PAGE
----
We are all familiar with the adage, "to err is human; to really foul things up requires a computer," which implies that the computer may be to blame for many data breach calamities. Alas, it appears the erring human is also culpable. Take, for example, the recent kerfuffle surrounding Apple's iCloud and the compromise of celebrity accounts containing salacious photos. After much slinging of innuendo and blame, it turned out the technology (iCloud) was not breached. The lack of cyber hygiene on the part of the victims—the human element—was the culprit. The iCloud incident occurred simply because there were so many individuals with poor security practices on the platform.
Trend Micro’s Rick Ferguson explains how users can be more hygienic on the CounterMeasures blog:
- If an online service offers options to increase your security, use them.
- Do not reuse passwords across accounts.
- Set knowledge-based reset questions—make sure only you know the answer. (For example, if hackers can look up your mother's maiden name on Ancestry.com, they will.)
The Medical Field Is also at Risk . . .
Let's look at the medical arena, where information is dispersed across multiple entities, and we see a growing disaster. Rarely does a day pass without an announcement of a data breach. In mid-September, the Aventura Hospital and Medical Center reported its third breach in the past two-years. The most recent was caused by, you guessed it, the human element. An employee improperly accessed patient information, including names, birth dates, and social security numbers. While no financial or health information was compromised at this point, it did not take long for the data which had been compromised to be criminally monetized, such as through false tax returns. The technological controls at the medical center may have been top notch, but they apparently lacked the ability to detect the unauthorized access (and harvesting of 82,601 records) by an employee.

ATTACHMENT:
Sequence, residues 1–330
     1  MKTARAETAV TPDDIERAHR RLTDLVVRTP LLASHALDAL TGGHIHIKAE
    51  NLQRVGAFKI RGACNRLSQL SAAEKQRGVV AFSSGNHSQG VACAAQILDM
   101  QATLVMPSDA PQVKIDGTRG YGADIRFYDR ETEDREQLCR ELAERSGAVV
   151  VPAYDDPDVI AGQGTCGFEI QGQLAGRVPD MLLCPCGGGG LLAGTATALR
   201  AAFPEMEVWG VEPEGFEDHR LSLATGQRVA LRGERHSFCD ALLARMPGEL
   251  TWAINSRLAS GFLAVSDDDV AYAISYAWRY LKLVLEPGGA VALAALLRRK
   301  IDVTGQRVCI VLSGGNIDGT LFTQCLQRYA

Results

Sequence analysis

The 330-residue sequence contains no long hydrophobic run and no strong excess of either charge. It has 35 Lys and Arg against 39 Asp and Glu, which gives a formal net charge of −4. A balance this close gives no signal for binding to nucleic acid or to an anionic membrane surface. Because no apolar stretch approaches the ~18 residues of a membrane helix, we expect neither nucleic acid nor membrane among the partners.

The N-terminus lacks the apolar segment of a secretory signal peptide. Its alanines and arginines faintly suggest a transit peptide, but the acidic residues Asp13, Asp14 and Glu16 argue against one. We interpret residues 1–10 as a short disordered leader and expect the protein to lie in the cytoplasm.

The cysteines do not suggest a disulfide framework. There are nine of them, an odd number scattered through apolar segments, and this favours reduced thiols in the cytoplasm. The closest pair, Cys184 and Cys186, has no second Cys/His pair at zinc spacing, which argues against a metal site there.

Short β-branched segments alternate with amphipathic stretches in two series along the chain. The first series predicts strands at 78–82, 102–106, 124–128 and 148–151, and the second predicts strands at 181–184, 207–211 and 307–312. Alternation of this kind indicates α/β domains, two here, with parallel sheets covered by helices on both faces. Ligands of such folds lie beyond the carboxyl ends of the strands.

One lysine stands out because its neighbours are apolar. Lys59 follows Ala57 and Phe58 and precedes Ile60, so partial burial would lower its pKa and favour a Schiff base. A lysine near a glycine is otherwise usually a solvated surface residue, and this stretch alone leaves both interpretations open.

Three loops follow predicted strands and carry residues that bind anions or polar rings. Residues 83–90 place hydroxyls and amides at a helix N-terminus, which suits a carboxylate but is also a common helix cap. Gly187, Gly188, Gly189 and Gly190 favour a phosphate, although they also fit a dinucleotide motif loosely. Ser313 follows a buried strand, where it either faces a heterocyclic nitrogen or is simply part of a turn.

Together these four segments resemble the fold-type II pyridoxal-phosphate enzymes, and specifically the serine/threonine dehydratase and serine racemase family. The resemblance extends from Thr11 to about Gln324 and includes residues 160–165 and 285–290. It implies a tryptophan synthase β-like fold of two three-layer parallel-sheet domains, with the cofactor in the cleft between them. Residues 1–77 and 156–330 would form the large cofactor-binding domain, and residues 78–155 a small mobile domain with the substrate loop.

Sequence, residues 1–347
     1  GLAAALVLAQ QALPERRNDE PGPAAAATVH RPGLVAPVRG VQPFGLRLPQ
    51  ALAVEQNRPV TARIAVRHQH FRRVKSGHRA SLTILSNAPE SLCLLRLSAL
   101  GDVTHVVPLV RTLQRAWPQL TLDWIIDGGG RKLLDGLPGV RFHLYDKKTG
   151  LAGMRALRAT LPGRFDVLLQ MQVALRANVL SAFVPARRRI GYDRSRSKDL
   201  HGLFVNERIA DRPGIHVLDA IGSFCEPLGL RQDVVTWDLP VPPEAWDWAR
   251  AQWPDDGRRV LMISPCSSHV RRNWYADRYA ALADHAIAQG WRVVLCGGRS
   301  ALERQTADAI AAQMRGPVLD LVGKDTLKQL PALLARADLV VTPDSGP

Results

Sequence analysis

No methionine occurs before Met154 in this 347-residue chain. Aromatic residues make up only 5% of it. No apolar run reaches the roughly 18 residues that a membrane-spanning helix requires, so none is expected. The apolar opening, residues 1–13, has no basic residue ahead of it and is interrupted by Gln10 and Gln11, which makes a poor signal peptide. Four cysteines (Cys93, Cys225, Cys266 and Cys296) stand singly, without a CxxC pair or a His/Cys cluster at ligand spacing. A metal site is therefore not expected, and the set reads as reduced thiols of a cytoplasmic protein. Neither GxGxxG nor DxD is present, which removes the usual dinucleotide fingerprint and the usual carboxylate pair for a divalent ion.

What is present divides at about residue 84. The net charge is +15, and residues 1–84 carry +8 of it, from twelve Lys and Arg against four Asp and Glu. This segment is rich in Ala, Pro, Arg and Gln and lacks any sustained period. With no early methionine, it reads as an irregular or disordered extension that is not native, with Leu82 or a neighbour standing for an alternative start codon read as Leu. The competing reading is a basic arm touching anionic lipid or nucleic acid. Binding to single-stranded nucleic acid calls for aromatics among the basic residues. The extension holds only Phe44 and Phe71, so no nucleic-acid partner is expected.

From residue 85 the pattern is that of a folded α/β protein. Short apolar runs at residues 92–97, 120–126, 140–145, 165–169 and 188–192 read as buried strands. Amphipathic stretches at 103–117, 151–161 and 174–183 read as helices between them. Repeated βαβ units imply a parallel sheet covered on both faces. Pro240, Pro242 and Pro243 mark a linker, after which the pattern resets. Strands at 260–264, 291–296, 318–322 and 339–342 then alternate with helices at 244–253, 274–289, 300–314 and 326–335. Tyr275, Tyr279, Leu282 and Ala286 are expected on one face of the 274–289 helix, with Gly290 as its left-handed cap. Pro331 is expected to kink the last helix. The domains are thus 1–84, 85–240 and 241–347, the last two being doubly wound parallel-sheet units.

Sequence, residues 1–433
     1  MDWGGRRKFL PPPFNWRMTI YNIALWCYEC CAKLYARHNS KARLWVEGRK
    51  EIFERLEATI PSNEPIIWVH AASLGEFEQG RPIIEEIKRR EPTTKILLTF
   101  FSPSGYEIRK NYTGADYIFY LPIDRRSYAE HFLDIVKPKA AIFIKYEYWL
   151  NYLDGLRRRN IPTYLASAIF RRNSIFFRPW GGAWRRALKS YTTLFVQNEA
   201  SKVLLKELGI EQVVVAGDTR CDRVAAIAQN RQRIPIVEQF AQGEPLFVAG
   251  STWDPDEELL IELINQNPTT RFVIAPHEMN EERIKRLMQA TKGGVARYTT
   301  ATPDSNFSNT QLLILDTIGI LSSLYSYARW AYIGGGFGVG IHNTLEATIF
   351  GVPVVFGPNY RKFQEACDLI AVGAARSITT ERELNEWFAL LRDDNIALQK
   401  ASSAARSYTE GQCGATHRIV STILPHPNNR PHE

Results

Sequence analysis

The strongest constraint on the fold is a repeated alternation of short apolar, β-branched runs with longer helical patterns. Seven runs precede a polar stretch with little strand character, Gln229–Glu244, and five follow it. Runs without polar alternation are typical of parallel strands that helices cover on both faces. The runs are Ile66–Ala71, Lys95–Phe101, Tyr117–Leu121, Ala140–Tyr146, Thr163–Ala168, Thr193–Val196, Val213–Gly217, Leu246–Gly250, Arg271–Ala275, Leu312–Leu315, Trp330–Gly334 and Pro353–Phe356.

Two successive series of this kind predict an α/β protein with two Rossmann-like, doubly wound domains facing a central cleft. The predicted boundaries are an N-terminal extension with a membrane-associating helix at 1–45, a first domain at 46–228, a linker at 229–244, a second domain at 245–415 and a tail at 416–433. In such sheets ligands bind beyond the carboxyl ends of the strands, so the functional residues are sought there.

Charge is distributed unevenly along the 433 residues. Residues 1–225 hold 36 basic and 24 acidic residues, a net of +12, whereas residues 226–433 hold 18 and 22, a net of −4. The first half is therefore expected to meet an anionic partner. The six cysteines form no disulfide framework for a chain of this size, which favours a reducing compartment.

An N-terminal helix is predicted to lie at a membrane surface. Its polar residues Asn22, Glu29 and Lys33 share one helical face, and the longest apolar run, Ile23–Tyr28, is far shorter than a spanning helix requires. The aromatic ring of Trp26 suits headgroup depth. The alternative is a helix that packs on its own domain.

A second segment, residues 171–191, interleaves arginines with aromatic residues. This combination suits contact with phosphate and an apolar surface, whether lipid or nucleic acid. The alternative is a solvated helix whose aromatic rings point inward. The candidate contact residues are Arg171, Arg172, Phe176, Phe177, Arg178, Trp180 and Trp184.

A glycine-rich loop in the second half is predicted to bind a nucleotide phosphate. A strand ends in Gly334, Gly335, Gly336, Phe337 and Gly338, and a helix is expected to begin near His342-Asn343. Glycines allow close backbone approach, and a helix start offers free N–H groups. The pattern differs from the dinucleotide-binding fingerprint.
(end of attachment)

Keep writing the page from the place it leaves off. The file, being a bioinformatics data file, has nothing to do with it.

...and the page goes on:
. . . And So Is the Retail POS Industry
And then we have the virtual tsunami of payment system breaches—Target, Home Depot, and Goodwill Industries, to name a few. They all had one thing in common: their vendors lacked system monitoring and audit capabilities. These three breaches touched hundreds of millions of individuals. The cost in unintended expenses for the banks, the consumer, and the many small businesses that are now updating records for both themselves and their clients, is also totaling hundreds of millions of dollars in non-recoverable burn. The unintended consequences of poor security procedures are that everyone pays for the individual’s lack of attention to detail.
So What's the Solution?
Some say the answer is in educating those who have access to the information. Others suggest that one should treat sensitive data the same way banks treat cash—a two-person rule, with close observation and checks and balances. It will not stop the human element from rearing its head, but it will increase the likelihood that it is noticed. Evolving the doctrine of "trust no one" and putting in place well-tuned verification software will be key to ensuring the homogenization of technologies and the human element.